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Friday, July 20

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You could look at an alleycat (a term encompassing any unsanctioned bike race on city streets) as the grimy urban counterpart to an elite event like the Tour de France, complete with grizzled local messengers as the Armstrongs and Merckxes of the scene. It can be an intimidating sight to the uninitiated: a circle of cycling-capped urchins, smoking cigarettes and drinking beers on some street corner, suddenly hopping on brakeless track bikes and tearing through traffic with a reckless disregard for... well, anything.

At least, that's how I felt a couple of years ago, until I started doing them myself. I've raced in more than a dozen in the past year, and a general love of cycling is the only constant. Some riders show up in spandex, and some in denim, on high-end carbon fiber rigs and rusty steel tandems. There are messengers, of course, but also graphic designers, baristas, medical students — hell, even grandfathers. And just as "cycling" is often as much about collecting, researching and servicing as it is about riding, an alleycat is as much an opportunity to ogle, drink and photograph as it is to race.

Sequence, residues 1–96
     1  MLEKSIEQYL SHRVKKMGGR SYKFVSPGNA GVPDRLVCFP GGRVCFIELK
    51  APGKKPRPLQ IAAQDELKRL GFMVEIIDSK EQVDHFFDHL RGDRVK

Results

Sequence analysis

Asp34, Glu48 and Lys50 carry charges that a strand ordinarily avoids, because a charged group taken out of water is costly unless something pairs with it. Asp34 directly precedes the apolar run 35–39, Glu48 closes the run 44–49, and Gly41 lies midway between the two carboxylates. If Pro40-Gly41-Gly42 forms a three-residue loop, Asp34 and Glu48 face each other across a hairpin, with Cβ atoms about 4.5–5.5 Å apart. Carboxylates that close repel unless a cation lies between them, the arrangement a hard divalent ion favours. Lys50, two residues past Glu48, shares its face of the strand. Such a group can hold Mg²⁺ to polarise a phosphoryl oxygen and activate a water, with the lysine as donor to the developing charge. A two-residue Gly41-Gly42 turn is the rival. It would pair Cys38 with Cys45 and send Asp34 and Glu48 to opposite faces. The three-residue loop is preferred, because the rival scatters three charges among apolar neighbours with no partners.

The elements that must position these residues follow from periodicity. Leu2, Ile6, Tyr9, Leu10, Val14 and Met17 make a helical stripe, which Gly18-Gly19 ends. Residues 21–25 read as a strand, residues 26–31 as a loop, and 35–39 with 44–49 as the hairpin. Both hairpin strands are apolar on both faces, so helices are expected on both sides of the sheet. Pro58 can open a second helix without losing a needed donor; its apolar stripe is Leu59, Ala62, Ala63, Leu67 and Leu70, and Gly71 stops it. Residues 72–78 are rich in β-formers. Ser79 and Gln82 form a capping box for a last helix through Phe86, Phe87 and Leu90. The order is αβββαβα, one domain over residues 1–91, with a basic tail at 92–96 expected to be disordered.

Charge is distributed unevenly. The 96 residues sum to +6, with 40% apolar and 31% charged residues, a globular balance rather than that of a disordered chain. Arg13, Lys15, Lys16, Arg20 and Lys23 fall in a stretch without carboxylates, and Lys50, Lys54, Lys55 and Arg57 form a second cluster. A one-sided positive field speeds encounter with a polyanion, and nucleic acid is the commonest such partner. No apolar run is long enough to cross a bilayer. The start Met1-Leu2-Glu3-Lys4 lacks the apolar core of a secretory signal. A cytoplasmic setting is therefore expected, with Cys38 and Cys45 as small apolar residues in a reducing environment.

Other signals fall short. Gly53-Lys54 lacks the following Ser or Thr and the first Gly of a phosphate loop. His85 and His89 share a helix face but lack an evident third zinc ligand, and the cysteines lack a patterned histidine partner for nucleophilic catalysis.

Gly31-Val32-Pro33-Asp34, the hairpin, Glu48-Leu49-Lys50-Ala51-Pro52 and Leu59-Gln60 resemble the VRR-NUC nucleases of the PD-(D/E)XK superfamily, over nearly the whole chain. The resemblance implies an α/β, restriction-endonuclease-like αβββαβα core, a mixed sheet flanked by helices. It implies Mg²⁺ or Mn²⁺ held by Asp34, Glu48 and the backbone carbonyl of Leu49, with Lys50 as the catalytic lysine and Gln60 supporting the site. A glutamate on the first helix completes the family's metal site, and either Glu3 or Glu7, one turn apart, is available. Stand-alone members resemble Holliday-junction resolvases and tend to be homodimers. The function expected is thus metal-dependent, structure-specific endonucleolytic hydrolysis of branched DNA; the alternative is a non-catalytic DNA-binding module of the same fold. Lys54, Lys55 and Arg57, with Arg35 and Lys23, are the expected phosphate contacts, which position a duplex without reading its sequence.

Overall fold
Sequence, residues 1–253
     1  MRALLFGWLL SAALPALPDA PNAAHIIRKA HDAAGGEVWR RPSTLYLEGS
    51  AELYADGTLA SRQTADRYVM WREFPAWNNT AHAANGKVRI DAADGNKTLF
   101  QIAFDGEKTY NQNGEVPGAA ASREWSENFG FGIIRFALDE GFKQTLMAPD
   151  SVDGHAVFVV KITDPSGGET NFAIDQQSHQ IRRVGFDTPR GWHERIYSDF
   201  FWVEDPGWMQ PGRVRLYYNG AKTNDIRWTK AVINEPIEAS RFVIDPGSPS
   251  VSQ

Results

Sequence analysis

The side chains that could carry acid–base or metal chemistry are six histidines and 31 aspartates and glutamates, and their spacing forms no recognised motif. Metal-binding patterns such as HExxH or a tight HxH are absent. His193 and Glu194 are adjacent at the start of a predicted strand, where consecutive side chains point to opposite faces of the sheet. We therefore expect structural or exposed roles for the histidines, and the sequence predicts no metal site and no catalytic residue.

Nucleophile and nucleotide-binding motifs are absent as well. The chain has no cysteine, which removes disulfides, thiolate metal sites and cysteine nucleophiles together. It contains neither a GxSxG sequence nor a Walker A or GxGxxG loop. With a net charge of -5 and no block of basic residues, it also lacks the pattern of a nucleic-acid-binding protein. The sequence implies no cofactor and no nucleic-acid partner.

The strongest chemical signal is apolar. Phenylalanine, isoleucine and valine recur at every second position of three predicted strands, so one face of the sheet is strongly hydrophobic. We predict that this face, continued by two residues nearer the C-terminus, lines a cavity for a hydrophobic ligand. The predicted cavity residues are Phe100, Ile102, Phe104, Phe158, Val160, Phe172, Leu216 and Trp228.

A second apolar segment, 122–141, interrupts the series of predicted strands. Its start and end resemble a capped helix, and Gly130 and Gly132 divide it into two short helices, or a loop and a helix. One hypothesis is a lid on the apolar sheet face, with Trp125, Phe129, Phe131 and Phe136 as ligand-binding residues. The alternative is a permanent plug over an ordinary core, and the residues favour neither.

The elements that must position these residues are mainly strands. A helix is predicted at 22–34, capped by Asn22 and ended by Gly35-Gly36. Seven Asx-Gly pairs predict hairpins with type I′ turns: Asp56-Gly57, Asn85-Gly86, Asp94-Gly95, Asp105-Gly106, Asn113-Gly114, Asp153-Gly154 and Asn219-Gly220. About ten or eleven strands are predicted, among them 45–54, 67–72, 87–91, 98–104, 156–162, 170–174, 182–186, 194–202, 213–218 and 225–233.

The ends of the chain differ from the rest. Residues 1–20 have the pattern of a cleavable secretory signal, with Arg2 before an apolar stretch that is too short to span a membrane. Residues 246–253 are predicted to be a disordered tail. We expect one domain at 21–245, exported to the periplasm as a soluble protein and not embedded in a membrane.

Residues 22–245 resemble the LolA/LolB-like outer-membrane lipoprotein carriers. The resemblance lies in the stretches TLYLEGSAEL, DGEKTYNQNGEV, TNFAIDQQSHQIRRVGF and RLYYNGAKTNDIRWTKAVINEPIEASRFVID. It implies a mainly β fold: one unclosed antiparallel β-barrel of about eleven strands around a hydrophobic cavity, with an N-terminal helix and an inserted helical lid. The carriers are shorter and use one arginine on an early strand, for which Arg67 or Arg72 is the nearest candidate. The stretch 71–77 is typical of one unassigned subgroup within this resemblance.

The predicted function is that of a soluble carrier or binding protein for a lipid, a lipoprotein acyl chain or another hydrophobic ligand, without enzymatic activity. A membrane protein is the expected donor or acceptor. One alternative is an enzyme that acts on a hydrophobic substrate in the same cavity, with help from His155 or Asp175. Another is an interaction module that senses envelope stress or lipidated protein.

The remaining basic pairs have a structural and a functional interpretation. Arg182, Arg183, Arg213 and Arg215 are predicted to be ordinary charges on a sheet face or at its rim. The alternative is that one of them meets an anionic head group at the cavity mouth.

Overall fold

Last week, I arranged my first real race: an "alleycriterium" in Fulton Market. (For the record, "arranging" here means that I made a flyer, asked a few friends to spread the word, laminated some spokecards, and showed up.) Around 40 people came out to watch 27 riders race laps around two city blocks (and also ogle, drink and photograph) on a mild summer evening. About halfway through the proceedings, a police officer pulled his car alongside a group of spectators, no doubt wondering what sort of unsavory event was going on in the warehouse district that night. "What is this, the Tour De France?" he asked. Assured that it was not, he volunteered that he'd been something of a cyclist in his day, as he settled in to watch the remainder of the heat.

Nathaniel Grotte

Click here to view the photo essay »

 

About the Author(s)

Nathaniel Grotte is a manuscript editor and loves getting his alleycat on. He is a staffer at Gapers Block. Naz Hamid hasn't raced an alleycat since last March but organized one last November. He is Creative Director of Gapers Block.

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